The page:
Thursday, 17 July 2014

New Hair Same Human

New Hair! :)

Yesterday was the first time in a long time I got mistaken for a boy. It offended me and I wasn't really sure why. I tried not to think about it, but that didn't work. It'll stay with me for a long time, those moments always do.

I remember so many times as a kid growing up. I used to wear clothes from the "boys'" section. I just went with what I felt suited me best. The green khaki trousers seemed more practical to a tree-climbing fanatic than the little flimsy lightly-coloured skirt with the butterflies on it. I preferred the rough styling of boys' clothes, the loose edges, the "these clothes are ready for action" kind of feel. So I went with it. Sides of a store didn't really mean anything to me back then.

Of course other kids were mean. Kids are always mean. You can only believe that your sex doesn't define you for so long, before the "dykes" and "mans" and just simple "disgustings" get to you and make you feel like shit in your own skin. I felt uncomfortable being me because I was comfortable being me. I knew who I was but other people just didn't get it. So yeah, I buckled. I did the whole conforming thing. People stopped calling me a boy. For a little bit.

When I wanted to cut all my hair off, my parents wouldn't let me. I was 13 years old and I wanted a sloppy mop like the kids in the boybands. I liked the style and the practicality of short hair and I didn't really understand why it shouldn't be for me. My parents thought I would get mistaken for a boy and they were right. After hours, days, weeks of crying, moaning and speaking about how insecure I felt, I was finally allowed to chop off most my hair. I loved it. Other people liked it... not so much.

It was easier back then to be mistaken for a boy. Voices hadn't broken yet, and nobody was particularly tall. My very, very minimal height and high tone are a bit of a giveaway now. Back then I always had to correct people. I wondered why I would get upset. I felt as if I shouldn't.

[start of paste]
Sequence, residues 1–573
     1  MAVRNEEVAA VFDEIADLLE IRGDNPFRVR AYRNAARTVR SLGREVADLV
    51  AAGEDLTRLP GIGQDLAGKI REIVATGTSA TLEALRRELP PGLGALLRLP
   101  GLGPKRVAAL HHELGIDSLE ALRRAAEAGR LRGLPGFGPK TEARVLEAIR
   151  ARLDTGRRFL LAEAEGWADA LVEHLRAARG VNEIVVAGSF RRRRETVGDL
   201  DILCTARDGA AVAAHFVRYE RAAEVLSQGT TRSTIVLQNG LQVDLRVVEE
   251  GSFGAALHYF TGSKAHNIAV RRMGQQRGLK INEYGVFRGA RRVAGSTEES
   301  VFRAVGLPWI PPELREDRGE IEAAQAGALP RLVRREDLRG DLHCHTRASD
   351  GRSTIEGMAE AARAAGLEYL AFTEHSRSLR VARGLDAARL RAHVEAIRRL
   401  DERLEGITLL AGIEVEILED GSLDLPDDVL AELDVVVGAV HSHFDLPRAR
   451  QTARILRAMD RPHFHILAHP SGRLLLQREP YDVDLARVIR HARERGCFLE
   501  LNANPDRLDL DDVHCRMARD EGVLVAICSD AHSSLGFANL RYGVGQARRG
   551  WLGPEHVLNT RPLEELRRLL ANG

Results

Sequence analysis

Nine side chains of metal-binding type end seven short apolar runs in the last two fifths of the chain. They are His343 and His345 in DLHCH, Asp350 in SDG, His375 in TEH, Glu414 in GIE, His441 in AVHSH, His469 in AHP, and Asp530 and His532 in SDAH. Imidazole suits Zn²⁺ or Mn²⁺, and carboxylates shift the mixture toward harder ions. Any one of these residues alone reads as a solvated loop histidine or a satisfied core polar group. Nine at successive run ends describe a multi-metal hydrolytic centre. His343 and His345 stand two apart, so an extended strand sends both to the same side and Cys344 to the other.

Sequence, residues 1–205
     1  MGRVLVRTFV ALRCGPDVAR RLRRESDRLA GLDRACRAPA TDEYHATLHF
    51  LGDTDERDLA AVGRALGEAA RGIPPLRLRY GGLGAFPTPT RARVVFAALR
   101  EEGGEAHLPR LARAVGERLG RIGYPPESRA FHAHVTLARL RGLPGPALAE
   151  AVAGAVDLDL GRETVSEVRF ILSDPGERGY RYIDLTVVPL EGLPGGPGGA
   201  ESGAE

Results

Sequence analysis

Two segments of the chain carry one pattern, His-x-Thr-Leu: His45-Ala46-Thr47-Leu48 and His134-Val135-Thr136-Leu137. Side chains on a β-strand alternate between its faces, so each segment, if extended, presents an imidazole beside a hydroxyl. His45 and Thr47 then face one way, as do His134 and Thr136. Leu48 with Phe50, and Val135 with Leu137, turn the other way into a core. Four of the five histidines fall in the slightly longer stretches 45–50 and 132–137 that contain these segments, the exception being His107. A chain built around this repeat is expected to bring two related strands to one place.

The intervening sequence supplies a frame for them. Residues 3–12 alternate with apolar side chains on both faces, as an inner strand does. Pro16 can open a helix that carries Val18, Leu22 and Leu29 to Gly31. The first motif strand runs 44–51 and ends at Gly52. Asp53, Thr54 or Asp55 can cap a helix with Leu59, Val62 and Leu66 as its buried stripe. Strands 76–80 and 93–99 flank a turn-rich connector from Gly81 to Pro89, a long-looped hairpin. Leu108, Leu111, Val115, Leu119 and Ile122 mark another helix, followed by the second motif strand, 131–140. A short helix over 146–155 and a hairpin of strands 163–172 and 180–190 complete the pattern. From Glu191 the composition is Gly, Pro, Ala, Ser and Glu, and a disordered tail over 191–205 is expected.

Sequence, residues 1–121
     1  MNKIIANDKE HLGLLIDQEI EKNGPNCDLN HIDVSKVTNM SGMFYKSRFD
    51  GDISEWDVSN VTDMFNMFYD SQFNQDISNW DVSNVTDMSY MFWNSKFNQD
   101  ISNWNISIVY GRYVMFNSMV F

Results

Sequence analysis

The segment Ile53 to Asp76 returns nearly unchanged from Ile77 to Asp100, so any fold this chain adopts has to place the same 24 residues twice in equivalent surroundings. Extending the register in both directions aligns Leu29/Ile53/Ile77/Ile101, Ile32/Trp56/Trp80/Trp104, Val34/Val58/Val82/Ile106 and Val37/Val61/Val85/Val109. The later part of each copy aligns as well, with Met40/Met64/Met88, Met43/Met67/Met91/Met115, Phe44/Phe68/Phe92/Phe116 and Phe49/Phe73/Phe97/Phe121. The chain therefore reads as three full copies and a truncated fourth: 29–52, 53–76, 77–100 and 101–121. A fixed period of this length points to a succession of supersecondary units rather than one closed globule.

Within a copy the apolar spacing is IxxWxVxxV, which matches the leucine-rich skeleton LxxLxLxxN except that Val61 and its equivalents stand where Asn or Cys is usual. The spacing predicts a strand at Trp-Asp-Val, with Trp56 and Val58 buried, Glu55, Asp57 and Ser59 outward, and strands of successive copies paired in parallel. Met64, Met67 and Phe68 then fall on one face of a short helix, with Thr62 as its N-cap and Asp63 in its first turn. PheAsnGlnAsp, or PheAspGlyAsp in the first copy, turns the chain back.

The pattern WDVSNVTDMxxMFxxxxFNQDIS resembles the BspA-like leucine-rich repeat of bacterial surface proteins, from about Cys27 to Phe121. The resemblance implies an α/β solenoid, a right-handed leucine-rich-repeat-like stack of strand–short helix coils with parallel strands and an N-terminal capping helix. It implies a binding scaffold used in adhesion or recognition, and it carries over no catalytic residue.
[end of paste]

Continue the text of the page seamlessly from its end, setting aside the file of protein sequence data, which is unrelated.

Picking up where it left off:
Here's the thing, being referred to as "male" is not insulting. There is nothing wrong with, or offensive, about being male. I wasn't offended because I felt like I was being labelled as something negative. What was insulting was that I had to explain myself to people simply for being who I was. I've never felt a need to conform to femininity because of my biological sex; female. I've never felt a need to adopt masculinity either. I was just being who I was. I still am. My hair is not what defines me. I either conform to society or chose who I am. Both ways are difficult.

A little boy told his friends that he thought my hair was cool yesterday. I'd just had it cut. He said,
"That boy's hair is really cool."
And it made me sad. Because I know if my hair had been longer I would have been that girl. And if this is what our kids see, then this is what our future looks like. It's not my hair that needs to change. It's society.